I walked out feeling dismayed - my search would have to continue! - but then took a sip of my coffee and stopped dead in my tracks. It was the most delicious coffee I had ever tasted. It was fresh, crisp, flavorful, and light. Literally ten times better than any iced coffee I'd been testing the last couple of weeks. Well, I thought, maybe this can be a special treat. I certainly can't drink an upwards of $3 coffee every single morning.

I caved. It was just so good! I've gone three mornings in a row. I even ordered a croissant (It was also $3.25...) and it was buttery and flaky and amazing. Ugh, disaster! But just such a wonderful disaster. I keep making up excuses - a sunny day means I'm allowed to go. I can also go if I'm early for work. And if I have a headache and really need one. And any other reason I can ever think of.

Sometimes, its the little things that make you happy. I am so happy about this wonderful coffee that I'm overlooking the price and even writing an entire (boring?) blog post about it! Ahh, working world.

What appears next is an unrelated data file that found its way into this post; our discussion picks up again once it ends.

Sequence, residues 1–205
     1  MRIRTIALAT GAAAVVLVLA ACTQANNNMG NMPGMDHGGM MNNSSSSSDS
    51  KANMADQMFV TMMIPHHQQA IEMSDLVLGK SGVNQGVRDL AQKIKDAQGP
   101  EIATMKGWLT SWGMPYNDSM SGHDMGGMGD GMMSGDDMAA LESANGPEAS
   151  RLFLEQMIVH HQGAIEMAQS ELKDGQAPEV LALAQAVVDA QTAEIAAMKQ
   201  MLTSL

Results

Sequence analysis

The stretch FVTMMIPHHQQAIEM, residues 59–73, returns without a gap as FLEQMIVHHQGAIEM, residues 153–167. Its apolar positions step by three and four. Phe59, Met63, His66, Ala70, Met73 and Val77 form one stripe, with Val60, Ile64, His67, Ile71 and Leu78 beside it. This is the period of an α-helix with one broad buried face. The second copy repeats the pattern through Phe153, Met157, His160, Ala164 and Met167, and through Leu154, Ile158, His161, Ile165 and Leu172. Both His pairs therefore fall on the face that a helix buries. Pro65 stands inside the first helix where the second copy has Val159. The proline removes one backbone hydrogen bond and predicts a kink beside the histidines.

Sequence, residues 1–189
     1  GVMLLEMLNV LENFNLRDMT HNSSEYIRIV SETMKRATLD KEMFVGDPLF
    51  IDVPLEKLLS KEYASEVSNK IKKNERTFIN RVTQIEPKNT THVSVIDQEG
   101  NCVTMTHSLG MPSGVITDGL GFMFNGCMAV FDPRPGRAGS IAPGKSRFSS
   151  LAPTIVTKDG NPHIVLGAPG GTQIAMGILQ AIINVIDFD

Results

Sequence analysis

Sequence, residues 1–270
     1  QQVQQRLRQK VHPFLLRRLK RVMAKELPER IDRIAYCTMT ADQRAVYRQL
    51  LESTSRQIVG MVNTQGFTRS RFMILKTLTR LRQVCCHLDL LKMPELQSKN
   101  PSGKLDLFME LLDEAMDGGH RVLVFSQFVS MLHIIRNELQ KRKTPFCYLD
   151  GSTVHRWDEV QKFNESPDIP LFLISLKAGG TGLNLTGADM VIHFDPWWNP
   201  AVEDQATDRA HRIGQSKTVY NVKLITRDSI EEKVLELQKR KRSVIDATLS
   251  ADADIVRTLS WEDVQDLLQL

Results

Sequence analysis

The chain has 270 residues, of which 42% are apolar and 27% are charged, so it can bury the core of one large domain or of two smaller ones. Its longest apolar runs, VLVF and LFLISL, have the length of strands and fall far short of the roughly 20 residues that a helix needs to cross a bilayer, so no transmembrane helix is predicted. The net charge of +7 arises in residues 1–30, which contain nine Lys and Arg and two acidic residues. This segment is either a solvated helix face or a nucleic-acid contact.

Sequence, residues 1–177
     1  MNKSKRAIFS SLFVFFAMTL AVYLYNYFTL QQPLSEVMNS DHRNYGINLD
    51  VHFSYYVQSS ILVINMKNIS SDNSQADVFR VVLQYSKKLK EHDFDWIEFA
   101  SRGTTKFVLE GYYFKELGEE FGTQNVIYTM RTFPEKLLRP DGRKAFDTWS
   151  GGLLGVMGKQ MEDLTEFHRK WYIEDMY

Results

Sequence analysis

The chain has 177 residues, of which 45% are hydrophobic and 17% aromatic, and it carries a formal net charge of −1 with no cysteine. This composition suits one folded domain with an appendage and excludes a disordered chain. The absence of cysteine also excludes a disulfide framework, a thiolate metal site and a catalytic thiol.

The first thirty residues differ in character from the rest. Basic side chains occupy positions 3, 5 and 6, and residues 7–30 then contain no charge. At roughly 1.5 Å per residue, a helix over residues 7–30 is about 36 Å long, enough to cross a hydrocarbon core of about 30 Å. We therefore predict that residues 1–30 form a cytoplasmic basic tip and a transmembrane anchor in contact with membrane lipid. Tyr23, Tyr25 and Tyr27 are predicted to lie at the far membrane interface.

Friday, June 12, 2009


On Thursday night (post cupcake truck visit, pre cupcake eating) I had the most delicious meal at Perilla. This restaurant gets a lot of press because its chef/owner is Harold Dieterle, the popular winner of Top Chef season one. Although I'm the first to admit that the Harold connection encouraged me to go, the food was absolutely delicious, no matter what celeb was cooking in the back.

The go-to dish was the Spicy Duck Meatballs. Of course I was a little afraid of the hype, but they surpassed my expectations. Melt in your mouth deliciousness!! And a perfect kick to them at the end. We got an order to share as an appetizer, but as Tim pointed out, he probably could have eaten about 15 of them. So if you go, don't be afraid to order the app for yourself. Or just order multiple. Bottom line, they were great.